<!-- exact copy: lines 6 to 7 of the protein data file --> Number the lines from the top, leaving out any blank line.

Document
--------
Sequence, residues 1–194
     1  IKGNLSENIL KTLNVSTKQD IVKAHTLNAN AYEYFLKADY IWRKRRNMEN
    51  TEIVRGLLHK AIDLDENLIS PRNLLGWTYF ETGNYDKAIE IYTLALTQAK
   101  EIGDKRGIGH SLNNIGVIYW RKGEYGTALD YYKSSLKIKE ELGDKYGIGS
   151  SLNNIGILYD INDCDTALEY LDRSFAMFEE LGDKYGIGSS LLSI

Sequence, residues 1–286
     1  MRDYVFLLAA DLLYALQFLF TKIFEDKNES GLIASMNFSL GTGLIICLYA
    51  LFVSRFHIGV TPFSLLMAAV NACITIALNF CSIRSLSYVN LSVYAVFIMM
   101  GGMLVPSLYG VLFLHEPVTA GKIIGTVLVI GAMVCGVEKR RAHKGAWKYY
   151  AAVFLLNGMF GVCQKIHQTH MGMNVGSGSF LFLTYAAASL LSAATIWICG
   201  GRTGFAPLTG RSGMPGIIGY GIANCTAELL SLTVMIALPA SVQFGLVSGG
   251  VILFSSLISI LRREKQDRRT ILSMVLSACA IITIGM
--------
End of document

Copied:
Sequence, residues 1–286
     1  MRDYVFLLAA DLLYALQFLF TKIFEDKNES GLIASMNFSL GTGLIICLYA